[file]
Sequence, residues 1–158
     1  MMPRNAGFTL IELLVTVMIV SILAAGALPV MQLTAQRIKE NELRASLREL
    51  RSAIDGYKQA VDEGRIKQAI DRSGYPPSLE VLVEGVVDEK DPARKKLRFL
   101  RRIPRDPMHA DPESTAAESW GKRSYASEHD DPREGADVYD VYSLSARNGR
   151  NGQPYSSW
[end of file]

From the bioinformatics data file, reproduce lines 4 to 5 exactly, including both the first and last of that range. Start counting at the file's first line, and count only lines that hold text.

   101  RRIPRDPMHA DPESTAAESW GKRSYASEHD DPREGADVYD VYSLSARNGR
   151  NGQPYSSW